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First flight

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I went to the Manjimup Aero Club's open day (Manjimup is a small town in Western Australia) today and had a Trial Instructional Flight. I got to fly a small two-seater Tecnam Eaglet high-wing light monoplane in windy and turbulent conditions.


My dream was to fly fighters (then Mirage III0's) for the RAAF, but bad eyesight put paid to that particular notion. I have played with sims etc. for years, getting back into flight sims over the last few years. I now work as a journalist in my local paper, and when the local Aero Club president came in to get a story done about their open day, I decided to come along.


It was a blustery warm day with lots of turbulence, but I decided to give it a go and forked over my $80 for a trial instructional flight. The instructor took me over the basics on the ground, and seemed pleased I already knew about aerodynamics and control surfaces etc. from my time with sims. We climbed into his Tecnam Eaglet, started her up and taxied onto the runway. There was a fair amount of traffic and it took a few minutes to get a slot and takeoff. As well as the airshow traffic, we were having a bushfire to the west of town and a spotter bird and a couple of water bombers were in the area.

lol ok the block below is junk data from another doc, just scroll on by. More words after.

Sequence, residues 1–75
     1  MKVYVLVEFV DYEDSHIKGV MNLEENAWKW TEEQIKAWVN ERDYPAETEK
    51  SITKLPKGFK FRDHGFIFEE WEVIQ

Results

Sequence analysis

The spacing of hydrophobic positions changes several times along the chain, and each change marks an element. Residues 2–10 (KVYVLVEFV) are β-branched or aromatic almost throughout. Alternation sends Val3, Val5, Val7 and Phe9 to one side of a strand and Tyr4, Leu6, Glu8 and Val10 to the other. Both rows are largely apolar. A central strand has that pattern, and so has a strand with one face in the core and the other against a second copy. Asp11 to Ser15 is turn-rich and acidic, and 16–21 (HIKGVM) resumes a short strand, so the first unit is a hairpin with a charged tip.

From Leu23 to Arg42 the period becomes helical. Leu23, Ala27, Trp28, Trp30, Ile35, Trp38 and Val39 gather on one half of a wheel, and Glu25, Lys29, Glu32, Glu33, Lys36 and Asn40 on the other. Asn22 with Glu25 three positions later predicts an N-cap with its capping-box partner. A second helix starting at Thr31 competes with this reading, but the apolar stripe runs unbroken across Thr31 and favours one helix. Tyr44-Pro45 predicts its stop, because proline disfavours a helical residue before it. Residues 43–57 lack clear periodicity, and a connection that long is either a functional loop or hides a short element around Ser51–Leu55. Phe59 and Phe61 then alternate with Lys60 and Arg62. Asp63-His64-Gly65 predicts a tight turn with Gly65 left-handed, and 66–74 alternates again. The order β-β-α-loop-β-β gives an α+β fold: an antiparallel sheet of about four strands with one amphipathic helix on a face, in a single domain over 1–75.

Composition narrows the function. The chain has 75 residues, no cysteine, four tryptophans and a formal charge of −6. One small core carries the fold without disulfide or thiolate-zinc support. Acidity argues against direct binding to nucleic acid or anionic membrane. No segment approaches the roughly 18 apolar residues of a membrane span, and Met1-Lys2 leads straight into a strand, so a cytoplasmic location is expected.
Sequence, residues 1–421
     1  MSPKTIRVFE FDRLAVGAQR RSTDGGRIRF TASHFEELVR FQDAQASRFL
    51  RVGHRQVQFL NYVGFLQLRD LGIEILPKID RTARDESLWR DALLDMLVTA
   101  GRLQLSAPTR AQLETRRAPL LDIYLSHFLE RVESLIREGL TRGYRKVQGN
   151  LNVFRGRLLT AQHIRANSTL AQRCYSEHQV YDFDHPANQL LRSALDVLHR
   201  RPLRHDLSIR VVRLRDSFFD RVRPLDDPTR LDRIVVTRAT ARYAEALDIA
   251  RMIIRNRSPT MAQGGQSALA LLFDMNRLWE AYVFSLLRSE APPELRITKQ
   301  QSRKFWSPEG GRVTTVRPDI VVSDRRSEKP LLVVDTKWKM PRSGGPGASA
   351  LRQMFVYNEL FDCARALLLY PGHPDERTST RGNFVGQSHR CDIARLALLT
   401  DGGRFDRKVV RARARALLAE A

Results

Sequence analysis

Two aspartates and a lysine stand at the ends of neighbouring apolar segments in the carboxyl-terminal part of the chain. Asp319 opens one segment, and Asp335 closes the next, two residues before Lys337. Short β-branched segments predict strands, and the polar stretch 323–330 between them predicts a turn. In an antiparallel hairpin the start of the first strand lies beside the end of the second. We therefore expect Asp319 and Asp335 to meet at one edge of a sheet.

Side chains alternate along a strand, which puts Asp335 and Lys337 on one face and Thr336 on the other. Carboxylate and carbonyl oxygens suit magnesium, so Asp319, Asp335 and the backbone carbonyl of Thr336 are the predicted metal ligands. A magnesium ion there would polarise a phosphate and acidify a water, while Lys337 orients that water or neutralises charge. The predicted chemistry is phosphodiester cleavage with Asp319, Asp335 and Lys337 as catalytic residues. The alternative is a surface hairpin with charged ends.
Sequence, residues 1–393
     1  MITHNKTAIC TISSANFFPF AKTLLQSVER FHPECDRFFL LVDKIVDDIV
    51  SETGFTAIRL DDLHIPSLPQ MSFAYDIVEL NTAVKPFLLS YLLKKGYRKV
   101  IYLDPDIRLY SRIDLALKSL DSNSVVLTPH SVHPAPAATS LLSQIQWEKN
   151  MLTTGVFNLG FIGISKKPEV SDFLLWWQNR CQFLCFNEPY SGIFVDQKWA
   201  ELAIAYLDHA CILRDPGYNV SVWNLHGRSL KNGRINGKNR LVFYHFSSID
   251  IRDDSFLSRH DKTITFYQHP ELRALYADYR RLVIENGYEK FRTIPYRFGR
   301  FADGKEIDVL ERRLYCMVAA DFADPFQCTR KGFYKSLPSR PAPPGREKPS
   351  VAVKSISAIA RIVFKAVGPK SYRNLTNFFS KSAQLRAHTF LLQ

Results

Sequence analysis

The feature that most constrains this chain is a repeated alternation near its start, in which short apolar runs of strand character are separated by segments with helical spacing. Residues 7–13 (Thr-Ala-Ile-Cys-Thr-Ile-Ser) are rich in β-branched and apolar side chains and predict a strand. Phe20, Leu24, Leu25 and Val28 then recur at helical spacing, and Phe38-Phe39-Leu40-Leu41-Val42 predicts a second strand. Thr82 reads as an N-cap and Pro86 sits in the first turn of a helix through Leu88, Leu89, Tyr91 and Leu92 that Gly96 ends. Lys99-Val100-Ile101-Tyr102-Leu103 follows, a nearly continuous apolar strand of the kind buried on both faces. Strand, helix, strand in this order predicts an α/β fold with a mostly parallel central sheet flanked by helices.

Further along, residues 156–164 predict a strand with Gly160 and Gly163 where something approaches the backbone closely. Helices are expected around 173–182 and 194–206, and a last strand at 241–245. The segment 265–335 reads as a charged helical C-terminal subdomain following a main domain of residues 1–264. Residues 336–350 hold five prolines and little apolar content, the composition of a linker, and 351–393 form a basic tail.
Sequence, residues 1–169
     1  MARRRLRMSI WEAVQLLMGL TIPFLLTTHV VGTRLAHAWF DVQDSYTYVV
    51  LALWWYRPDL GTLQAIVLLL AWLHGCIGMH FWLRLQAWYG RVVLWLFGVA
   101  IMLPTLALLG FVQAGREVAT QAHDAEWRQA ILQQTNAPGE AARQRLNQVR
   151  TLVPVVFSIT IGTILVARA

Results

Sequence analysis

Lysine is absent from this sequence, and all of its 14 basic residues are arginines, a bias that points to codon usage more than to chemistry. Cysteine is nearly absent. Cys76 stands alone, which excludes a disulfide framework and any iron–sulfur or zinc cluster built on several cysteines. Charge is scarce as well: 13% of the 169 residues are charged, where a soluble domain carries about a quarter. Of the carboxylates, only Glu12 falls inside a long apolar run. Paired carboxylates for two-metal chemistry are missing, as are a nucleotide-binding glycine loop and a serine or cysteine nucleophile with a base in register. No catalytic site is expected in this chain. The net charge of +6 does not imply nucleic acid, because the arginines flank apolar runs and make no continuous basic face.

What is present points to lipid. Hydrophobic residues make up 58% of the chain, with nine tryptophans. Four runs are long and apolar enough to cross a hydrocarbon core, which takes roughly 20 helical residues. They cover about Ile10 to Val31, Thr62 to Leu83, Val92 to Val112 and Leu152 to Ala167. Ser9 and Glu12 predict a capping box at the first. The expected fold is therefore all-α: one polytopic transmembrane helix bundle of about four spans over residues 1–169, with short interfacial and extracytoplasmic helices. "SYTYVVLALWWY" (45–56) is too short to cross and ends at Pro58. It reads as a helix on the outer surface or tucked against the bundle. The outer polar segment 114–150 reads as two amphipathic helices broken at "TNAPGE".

After a very short roll, we rotated and started climbing. The very first thing I noticed was the aircraft was very 'live' - you could feel every buffet and dip as we moved through the air and were hit by the blustery breeze. It is an interesting feeling, and one I wasn't really prepared for through sim flying.


Pretty soon the instructor handed over control and told me to hold a steady climb to 4500 feet. It was very hard to hold the aircraft on course and I felt like I was fighting the controls, but we climbed up to the required height and levelled off, throttling back to 4500rpm for cruise. There was still buffeting, and the feeling of fighting the controls persisted. Turbulence rolled, pitched and yawed the aircraft and I was worried it was going to catch me unawares. It was a lot harder than I thought it would be, and I really didn't feel in control of the aircraft.